News

Oregon’s better way of running elections
Author: Phil Keisling
Posted: September 24, 2019

The state’s vote-by-mail system should be a national model as we approach the presidential primaries.

IN LESS than 150 days, New Hampshire voters will traipse to their polling places to cast ballots in the nation’s “always first” presidential primary election. Between that contest on February 11, 2020, and the end of March, 19 other states will also hold primary elections, including such key states as California, Minnesota, North Carolina, Texas, Virginia, Michigan, Missouri, Ohio, Arizona, Florida and Illinois.

But just how many Americans will participate in this determinative phase of the 2020 elections? In 2016, fewer than 60 million Americans cast ballots (or attended party caucuses) —and in a year when both major parties had spirited contests. At that time, there were more than 220 million eligible voters. This means almost 75% of our citizens sat it out—while the two major parties nominated the two most widely disliked presidential candidates in modern American history.

Only in New Hampshire, where 52% of eligible citizens voted, did more voters turn out than not. Oregon’s overall turnout fell just shy of New Hampshire’s due largely to our “closed primary,” which unlike New Hampshire’s makes it very difficult for our vast number of “non-affiliated” voters to cast ballots. Among Oregon’s registered Republicans and Democrats, our combined turnout was a remarkable 65%.

SO WHAT makes Oregon such a stand-out state for turnout? How might other states learn from Oregon in terms of boosting turnout in 2020 and beyond? And how might even Oregon do better?

These are important questions as we approach a consequential presidential primary election. While there are good reasons to predict higher turnout in 2020—especially on the Democratic side—there are dangers too. Bad weather—think February blizzards in New Hampshire and icy roads in key Midwest states—could play a surprisingly big factor. Photo ID laws and other legal obstacles might also play a role in depressing turnout in key contests.

 But perhaps the biggest obstacle of all is one that we Oregonians jettisoned 20 years ago: the traditional polling place itself.

 In 1998, Oregon voters by a 2:1 margin voted to consign the traditional polling place to the ash heap of history. Every active registered voter now receives a ballot in the mail, hand-delivered by the U.S. Post Office, several weeks before each election. Voters can then decide how—and even whether—to return them.

Traffic, bad weather, sick children, work schedules—none of these stand between Oregon voters and their ability to exercise the most fundamental of their constitutional rights. And the system clearly boosts turnout. The 2018 midterm elections set a new, national record. But had the rest of the country matched Oregon’s level—and Colorado was even higher—another 25 million Americans would have voted.

IN 2020, Oregon’s won’t be the only state holding a full “Vote at Home” presidential primary; joining us will be Washington, Colorado and Utah. All voters in a dozen California counties, representing more than half the population, will also enjoy such a system—as will all Hawaii voters in the 2020 general election.

While every other state can and should eventually adopt the same model, that fight will largely need to wait until state legislatures’ 2021 sessions. But meanwhile, Oregonians can encourage our out-of-state friends, relatives and colleagues to use “Vote at Home” ballots (aka “absentee ballots”) during the 2020 primary election cycle and beyond.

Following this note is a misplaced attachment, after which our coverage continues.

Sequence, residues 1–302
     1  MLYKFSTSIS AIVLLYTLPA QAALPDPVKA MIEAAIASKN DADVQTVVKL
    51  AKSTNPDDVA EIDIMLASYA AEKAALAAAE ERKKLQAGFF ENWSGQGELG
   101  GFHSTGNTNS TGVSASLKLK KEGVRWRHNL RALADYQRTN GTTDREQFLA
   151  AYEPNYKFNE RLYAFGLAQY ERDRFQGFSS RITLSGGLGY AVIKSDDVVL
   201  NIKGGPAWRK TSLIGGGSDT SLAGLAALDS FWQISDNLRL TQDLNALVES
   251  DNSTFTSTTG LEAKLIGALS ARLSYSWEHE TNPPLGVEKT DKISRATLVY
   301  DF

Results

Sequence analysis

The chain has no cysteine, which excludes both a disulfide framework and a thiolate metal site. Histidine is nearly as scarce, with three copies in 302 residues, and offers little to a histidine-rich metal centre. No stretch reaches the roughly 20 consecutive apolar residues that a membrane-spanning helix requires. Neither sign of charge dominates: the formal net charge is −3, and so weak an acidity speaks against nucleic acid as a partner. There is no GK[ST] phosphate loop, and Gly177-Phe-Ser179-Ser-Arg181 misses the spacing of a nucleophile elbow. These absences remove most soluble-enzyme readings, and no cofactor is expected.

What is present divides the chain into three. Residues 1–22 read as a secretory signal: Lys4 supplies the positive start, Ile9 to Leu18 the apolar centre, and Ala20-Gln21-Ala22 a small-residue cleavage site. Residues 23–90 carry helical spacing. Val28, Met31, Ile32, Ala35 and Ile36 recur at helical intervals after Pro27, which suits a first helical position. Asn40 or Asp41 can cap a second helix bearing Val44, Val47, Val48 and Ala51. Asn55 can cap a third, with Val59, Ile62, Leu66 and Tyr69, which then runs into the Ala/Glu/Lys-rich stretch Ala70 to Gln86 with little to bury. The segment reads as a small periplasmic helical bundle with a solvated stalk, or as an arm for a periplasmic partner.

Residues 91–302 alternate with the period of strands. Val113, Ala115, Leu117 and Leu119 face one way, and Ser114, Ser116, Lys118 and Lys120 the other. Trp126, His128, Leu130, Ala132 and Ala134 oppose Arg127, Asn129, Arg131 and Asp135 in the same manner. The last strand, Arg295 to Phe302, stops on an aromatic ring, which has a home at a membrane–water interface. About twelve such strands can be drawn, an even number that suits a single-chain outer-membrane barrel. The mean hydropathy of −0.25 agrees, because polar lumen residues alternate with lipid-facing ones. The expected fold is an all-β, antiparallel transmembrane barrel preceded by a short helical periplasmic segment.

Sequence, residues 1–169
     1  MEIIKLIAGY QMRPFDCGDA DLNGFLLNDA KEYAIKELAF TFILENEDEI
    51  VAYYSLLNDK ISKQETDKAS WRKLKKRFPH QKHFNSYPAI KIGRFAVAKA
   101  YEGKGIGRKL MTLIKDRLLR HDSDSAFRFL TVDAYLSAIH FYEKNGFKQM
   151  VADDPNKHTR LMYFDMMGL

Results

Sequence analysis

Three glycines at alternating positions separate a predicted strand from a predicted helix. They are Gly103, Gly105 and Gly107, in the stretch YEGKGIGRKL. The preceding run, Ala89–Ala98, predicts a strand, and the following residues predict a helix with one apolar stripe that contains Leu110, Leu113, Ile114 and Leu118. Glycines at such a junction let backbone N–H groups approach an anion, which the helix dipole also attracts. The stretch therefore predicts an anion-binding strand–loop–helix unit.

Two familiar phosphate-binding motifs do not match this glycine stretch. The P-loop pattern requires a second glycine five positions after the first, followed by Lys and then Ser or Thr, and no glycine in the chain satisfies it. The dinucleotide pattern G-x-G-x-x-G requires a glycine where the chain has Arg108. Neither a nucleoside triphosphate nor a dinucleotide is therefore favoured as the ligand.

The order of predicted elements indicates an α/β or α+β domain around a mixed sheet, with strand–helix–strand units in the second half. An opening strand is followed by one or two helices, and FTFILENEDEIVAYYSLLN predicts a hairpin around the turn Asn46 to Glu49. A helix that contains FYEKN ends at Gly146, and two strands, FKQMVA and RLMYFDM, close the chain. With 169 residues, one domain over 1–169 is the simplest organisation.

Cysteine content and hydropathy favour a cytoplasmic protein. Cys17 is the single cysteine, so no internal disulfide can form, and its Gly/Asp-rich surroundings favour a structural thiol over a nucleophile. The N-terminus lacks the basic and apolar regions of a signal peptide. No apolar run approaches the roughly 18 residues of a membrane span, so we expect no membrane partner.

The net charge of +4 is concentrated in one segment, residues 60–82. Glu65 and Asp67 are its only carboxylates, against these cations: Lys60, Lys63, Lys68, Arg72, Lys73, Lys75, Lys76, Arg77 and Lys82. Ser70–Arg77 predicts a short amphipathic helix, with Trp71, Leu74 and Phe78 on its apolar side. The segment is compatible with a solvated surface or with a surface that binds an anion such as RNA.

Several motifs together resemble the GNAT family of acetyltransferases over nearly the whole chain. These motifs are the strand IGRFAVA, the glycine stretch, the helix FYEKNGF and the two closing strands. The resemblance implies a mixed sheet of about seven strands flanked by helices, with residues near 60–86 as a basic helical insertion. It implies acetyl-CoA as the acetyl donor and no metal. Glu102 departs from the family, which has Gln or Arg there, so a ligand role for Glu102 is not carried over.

That will be hardest in the 18 states—including Pennsylvania, New York, Missouri, Virginia and Texas—that still require a legally valid excuse (e.g., an “absence” from one’s home county) to receive a mailed-out ballot. But in the remaining 28 states, obtaining a “Vote at Home” ballot is as simple as merely asking for one.

Many of the “no excuse” states also happen to be among the top battleground states in 2020, including Michigan, Ohio, Minnesota, Wisconsin, Florida, Georgia, North Carolina, Arizona and Nevada. And what better time to introduce voters to this somewhat foreign concept: “What, I can make the polling place come to me, rather than having to go to it?”

AS EXPERIENCE in Oregon proved, even fiercely resistant voters have come to quickly embrace this system—much like the main character in that famous Dr. Seuss book, Green Eggs and Ham. We can certainly further improve Oregon’s system. Colorado, for example, has far more full-service “Vote Centers” where voters can go to update their registration or get other assistance up through Election Day. Still, after 20 years and more than 200 million mailed out ballots, the system has produced no meaningful fraud—and lots of voters who feel they have the time and means to cast a more informed ballot.

When more voters participate in a primary election, they’re a lot more likely to vote in the November general election. Just 60% of eligible voters actually cast ballots in 2016. Regardless of which candidate prevails, wouldn’t 70% or even 80% turnout in 2020 be healthier for our small-d democracy?

Phil Keisling championed the state’s vote-by-mail system when he was Oregon Secretary of State from 1991 to 1999. He recently retired as director of the PSU Center for Public Service, but he remains a senior fellow of the center. Today, Keisling works for the nonprofit, nonpartisan National Vote at Home Institute, which he helped found. The institute is dedicated to ensuring the security of elections and putting voters’ needs first.